2. Application of stable isotope measurements and microbiological analysis for detecting methanogenic activity in a temperate forest wetland

    NASA Astrophysics Data System (ADS)

    Itoh, M.; Katsuyama, C.; Kondo, N.; Ohte, N.; Kato, K.

    2009-12-01

    Generally, forest soils act as a sink for methane (CH4). However, wetlands in riparian zones are recently reported to be “hot spots” of CH4 emissions, especially in forests under a humid climate. To understand how environmental conditions (i.e. hydrological and/or geomorphic condition) control on CH4 production, we investigated both methanogenic pathways (CO2/H2 reduction and acetate fermentation) and metahanogenic microbial communities in a wetland in a temperate forest catchment, central Japan. We used stable carbon isotopic analysis for detecting change in methanogenic pathways, and applied microbiological analysis for understanding the structure of methanogenic community. CH4 emission rates in wetland were strongly dependent on soil temperatures, and were highest in summer and lowest in winter. δ13CO2 increased with CH4 production in every summer, suggesting preferential use of 12CO2 as substrate for CO2/H2 reduction methanogenesis during high CH4 production period. δ13CH4 also increased in summer with δ13CO2. δ13CH4 changed more wildly than δ13CO2 did in summer with normal precipitation when CH4 production was strongly activated under high temperature and high groundwater table condition. This indicates increase in acetoclastic methanogenesis under hot and wet condition, considering that acetclastic methnogens produce heavier CH4 than that from CO2/H2 reducing pathway. Methanogen community composition estimated by cloning and sequence analyses implied that both acetoclastic and CO2/H2 reducing methanogens prevailed in wetland soil sampled in summer. This was consistent with the results of isotope measuremaents. Our results contribute to understand fully how the CH4 production changes with environmental conditions, with considering the activities of both main methanogenic pathway (from CO2 and acetate).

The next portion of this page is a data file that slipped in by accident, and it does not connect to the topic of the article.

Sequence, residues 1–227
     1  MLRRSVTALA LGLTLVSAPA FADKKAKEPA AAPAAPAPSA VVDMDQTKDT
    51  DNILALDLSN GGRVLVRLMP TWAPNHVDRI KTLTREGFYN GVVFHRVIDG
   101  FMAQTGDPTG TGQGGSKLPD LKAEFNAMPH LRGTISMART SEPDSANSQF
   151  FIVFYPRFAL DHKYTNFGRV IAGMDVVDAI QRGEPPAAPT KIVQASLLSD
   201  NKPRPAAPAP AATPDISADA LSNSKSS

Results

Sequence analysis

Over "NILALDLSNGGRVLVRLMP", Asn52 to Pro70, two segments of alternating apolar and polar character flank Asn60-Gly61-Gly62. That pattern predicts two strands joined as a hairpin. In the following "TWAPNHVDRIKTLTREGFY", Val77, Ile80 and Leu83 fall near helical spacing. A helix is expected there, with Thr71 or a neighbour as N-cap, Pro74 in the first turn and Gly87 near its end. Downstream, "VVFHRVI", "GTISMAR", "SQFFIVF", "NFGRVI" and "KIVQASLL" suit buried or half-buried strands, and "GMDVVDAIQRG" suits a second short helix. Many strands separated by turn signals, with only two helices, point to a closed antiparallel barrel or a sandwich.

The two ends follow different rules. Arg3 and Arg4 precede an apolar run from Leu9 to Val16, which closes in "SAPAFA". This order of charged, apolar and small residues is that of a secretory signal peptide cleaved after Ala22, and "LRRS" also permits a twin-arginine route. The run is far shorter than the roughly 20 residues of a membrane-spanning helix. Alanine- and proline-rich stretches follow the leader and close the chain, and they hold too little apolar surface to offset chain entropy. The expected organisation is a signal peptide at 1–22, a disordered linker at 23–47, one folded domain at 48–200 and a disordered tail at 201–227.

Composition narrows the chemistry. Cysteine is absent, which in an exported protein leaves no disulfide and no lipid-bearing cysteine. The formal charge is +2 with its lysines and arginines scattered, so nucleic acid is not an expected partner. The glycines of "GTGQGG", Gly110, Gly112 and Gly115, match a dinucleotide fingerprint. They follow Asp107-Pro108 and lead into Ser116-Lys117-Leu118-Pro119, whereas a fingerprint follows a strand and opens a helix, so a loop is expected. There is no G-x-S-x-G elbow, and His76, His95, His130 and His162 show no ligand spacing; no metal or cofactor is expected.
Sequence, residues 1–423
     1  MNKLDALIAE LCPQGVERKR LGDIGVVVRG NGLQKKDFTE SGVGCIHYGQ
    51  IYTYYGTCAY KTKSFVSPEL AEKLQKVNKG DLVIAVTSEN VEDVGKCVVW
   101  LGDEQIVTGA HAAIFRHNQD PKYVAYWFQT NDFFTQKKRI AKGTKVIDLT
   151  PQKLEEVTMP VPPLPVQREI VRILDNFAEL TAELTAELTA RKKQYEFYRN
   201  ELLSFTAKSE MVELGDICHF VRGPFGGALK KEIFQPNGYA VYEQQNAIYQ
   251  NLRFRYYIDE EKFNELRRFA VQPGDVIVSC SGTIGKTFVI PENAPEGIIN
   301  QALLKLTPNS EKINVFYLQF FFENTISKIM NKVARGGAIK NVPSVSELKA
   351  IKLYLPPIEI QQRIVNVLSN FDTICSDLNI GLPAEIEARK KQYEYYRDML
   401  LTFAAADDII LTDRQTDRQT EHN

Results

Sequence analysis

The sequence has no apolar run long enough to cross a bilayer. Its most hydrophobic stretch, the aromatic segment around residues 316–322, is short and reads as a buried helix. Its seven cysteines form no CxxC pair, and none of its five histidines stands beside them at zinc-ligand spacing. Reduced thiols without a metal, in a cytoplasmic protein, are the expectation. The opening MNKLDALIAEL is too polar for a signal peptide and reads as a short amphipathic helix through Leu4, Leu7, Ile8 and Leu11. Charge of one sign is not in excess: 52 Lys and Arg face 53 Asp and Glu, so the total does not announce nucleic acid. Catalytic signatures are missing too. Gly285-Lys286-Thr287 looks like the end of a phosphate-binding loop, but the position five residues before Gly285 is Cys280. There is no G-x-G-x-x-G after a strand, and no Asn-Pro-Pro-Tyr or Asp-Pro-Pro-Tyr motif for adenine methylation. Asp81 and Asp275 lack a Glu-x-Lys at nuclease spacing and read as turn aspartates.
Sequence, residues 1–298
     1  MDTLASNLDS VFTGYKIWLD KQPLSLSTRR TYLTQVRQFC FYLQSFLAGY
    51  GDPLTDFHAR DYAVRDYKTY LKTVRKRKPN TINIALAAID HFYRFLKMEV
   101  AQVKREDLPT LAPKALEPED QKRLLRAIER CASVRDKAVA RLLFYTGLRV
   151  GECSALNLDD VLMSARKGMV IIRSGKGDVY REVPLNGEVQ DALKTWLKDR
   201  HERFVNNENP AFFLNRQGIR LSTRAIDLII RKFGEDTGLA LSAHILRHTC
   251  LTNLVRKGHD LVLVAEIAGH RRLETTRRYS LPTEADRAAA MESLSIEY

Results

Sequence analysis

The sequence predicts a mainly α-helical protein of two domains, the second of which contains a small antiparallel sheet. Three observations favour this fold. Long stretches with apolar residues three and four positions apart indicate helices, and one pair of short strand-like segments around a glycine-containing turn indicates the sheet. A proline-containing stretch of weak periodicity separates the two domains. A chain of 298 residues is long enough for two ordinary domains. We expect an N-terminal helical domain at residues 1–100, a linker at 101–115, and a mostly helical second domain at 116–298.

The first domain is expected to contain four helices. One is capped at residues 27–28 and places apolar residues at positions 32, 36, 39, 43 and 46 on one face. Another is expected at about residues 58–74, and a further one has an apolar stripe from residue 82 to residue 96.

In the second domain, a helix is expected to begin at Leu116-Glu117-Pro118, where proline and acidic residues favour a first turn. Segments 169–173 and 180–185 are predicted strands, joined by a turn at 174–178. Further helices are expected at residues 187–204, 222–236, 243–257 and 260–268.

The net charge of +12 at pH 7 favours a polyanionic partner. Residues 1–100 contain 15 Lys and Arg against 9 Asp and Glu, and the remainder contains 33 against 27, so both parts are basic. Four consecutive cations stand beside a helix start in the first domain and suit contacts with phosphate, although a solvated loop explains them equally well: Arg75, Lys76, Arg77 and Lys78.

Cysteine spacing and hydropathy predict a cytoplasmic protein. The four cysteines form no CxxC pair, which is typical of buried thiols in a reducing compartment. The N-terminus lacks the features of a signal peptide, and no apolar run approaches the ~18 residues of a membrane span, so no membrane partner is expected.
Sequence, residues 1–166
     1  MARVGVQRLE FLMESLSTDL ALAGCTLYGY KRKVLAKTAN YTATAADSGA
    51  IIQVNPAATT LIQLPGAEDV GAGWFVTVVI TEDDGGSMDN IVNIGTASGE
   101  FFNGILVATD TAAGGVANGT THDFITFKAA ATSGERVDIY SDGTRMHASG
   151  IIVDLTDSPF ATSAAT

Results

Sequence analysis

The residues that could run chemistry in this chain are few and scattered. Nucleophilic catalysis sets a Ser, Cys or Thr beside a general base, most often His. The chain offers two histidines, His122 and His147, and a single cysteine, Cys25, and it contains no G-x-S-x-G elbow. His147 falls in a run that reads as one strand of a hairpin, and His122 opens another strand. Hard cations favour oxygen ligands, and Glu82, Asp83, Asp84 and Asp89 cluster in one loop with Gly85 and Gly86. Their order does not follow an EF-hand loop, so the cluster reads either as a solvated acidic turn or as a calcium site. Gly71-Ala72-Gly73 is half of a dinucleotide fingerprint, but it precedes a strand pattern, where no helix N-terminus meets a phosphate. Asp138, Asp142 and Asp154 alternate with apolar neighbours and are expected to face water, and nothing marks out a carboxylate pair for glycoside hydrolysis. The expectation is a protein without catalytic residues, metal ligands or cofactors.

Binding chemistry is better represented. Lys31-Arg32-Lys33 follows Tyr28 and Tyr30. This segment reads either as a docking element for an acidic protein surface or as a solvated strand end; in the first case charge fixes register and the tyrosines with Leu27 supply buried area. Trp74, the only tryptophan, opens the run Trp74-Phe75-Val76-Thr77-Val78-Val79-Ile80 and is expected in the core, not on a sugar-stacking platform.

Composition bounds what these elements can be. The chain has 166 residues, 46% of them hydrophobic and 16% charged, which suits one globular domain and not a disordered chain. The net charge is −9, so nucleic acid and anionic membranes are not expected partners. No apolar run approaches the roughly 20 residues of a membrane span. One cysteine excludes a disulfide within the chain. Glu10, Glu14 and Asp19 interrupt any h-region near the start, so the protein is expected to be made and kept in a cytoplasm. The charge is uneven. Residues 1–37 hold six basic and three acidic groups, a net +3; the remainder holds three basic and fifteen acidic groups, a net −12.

3. Comparison of the radioisotope dilution-coated charcoal method and a microbiological method (L. leichmannii) for measuring vitamin B12 in serum

    PubMed Central

    Raven, J. L.; Walker, P. L.; Barkhan, P.

    1966-01-01

    A comparison has been made of the radioisotope dilution-coated charcoal method and a microbiological assay (with L. leichmannii as test organism) for determining the concentration of vitamin B12 in serum. A satisfactory correlation was found between the results of the two methods. Under appropriate conditions the reproducibility of the radioisotope method compared favourably with that of the microbiological method. PMID:5333257